Majlis Profesor Negara CEO Prof Raduan does not regret describing the projected 50,000 potential employee layoffs by the MEF as a ‘small matter’. The academic tells Awani Review’s Zakiah Koya that he is neither CRUEL nor DUMB for making that unfortunate statement
IT is a precarious existence – life up there in the hallowed halls and ivory tower of Malaysian academia. Majlis Profesor Negara (MPN or National Professors’ Council) head Professor Datuk Dr Raduan Che Rose can attest to that. He has the bumps and bruises to show after failing to anticipate the furore caused by a seemingly flippant remark about the threat of future unemployment in this country.
Prof Raduan earned notoriety and attracted the wrath of just about everybody after coming out with a seemingly innocuous statement on the looming threat of unemployment for Malaysia last week.
The offending remark? Bukan Besar (Not Big) – in response to the Malaysian Employers Federation assertion that the Malaysian workforce faces the prospects of constriction resulting in the shedding of 50,000 jobs this year.
The bricks thrown back at him were large, swift and at times vicious – internet trolls had a field day with mocking memes lambasting him for being `heartless’.
He concedes that harassed workers and the lay reader have the right to regard the 50,000 number as big.
“I am neither cruel nor am I a dumb professor,” he told Awani Review in an impromptu interview, explaining volubly the national employment scenario and structure.
“It’s a big number but you have to look at the bigger picture. You have to factor in all those that I have mentioned earlier. It’s not fair just to highlight the 50,000 – this professor is (made to look) dumb, this professor doesn’t understand what’s happening and this professor is very cruel,” he defended himself.
He goes on to give reasons and work trends that leads to the shedding of jobs.
“You have to accept the fact that even now there’s also a trend, they (the workers) want to do freelancing. People want to do part-time to be independent workers – no longer the notion of youth to work in the company (for the long term) anymore. That’s also a trend. So, you have to look along that line just to focus on the 50,000 to be left off and it’s going to be a big problem. Of course people will get angry with me and say, ‘What is this professor saying?’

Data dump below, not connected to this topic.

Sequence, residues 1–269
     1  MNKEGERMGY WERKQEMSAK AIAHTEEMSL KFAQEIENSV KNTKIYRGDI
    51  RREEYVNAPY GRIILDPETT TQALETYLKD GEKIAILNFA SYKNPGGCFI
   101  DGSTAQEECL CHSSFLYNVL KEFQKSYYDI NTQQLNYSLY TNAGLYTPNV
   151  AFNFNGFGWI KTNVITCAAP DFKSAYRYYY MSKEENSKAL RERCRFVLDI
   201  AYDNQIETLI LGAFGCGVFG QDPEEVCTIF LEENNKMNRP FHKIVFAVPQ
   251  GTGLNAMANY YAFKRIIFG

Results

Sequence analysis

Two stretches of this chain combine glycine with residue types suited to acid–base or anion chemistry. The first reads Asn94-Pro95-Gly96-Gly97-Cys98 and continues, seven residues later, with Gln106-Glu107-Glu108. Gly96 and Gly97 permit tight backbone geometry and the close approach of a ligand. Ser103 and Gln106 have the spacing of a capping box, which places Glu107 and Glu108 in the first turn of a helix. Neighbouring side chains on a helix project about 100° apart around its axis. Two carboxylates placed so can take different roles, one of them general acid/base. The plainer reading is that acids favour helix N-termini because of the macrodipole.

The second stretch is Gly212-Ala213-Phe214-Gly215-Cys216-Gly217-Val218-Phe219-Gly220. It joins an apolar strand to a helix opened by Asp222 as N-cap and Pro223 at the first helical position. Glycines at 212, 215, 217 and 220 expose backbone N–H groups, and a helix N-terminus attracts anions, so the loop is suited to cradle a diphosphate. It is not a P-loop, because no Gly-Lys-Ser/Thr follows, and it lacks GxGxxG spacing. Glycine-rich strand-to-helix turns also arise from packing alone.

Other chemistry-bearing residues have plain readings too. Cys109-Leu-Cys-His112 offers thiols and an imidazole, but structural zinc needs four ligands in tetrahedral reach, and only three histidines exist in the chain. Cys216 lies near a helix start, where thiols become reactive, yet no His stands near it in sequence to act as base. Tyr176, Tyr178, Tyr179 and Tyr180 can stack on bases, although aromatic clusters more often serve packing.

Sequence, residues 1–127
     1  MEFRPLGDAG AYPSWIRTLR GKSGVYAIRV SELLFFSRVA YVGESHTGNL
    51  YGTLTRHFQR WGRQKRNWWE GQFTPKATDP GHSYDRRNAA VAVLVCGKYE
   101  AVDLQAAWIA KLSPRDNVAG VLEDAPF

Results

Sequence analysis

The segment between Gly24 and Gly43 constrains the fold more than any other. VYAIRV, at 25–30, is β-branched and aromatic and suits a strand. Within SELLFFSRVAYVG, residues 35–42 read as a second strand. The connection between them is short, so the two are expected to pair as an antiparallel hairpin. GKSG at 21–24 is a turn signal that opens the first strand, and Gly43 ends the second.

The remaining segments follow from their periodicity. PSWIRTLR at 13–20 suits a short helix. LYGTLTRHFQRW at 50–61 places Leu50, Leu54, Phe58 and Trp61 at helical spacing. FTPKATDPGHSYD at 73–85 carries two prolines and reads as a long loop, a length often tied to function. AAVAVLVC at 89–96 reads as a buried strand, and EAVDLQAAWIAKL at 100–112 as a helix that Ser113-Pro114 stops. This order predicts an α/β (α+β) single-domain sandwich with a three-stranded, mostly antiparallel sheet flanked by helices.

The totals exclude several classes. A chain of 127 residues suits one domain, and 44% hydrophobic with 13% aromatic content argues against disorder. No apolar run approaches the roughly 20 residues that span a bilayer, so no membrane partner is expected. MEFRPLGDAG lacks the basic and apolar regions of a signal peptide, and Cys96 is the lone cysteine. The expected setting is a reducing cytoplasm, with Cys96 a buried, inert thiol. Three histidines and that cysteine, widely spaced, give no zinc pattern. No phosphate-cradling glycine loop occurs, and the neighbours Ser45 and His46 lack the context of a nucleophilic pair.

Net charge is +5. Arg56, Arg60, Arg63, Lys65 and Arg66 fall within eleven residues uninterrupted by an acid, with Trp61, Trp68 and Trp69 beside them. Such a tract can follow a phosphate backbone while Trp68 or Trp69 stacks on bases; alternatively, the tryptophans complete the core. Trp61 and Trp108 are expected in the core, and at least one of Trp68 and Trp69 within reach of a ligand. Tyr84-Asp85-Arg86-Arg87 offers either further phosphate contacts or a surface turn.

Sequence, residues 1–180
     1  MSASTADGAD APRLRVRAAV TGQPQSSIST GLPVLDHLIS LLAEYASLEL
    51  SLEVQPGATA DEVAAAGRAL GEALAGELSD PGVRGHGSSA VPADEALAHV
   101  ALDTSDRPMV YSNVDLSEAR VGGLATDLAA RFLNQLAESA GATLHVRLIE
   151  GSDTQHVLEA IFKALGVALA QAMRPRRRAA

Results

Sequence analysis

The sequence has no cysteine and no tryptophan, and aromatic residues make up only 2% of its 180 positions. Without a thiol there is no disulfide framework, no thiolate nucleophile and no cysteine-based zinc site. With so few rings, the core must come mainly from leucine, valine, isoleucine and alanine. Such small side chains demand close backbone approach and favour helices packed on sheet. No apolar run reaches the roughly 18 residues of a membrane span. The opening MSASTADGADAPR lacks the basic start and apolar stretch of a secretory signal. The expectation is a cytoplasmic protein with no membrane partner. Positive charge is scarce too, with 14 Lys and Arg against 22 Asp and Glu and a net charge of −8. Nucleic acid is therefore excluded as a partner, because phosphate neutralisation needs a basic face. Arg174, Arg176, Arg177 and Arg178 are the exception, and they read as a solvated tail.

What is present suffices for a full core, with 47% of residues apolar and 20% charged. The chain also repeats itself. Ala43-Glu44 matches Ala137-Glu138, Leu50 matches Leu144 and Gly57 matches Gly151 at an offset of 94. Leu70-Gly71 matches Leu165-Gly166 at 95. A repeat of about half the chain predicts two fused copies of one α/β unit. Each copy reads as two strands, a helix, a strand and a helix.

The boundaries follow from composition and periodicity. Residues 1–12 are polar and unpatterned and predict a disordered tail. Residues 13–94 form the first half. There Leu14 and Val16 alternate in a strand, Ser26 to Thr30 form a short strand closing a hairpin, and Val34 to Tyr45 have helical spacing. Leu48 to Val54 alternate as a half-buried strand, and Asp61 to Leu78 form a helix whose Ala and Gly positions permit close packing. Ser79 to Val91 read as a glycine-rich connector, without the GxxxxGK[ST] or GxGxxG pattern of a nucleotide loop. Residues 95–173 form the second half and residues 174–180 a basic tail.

“They have to know the whole picture. As a country, I am very comfortable that we are still enjoying the economic growth and definitely the economic growth will bring about job opportunities for our society,” says Raduan.
He opines that 50,000 being laid off is normal because it is academically termed as “structural unemployment” and “technology unemployment” which could also be translated as “seasonal unemployment”.
“The 50,000 – I think people have to get it right, get to look at this from a wider perspective. Let me share what I have in mind. When you say 50,000 has been projected to be laid off by 2015. There’s nothing new about it. 2016, 2015 there are also quite a number being laid off by the system. But that doesn’t mean that once they have been laid off, they will stop there. In unemployment, there’s a term what we call it “a structural unemployment”, we call it the “technology unemployment”. We call it seasonal unemployment – that’s normal. That very much depends on the economy that we are in.
Prof Raduan then went on to expound the need for relevant collation of data in making conclusions.
“The fundamental thing about academics is for us to get the right data. How you disseminate the data is different. We academics like to share our findings, our observations through a very conventional way
As the unemployment rate in Malaysia is still below four percent, Raduan says that the number is still not alarming.
He pointed out that indicators made up of economic variables show that Malaysia has a growing economy with a projection of 5.5% expansion.
He explains that in economic terms,we are among the few countries in the world still enjoying full employment.
Prof Raduan goes on to explain how unemployment in Malaysia is anomalous since it is a haven for foreign workers.
“People have said, ‘Oh there’s so many people unemployed’ because of their choice. And at the same time, ironically, we still have about five million foreign workers. Well, people may argue, ‘Oh I don’t want to work in the sector that they are in’. That’s fine but the fact is still a fact as a country, we still have a handsome growth, very small unemployment, and highly dependent on foreign workers,” says Raduan.
He also says that the unemployment he referred to is temporary and that those unemployed would be able to be covered by their insurance companies.
Raduan further states that one must not only depend on the government to take steps to address unemployment but that private parties must also make similar efforts.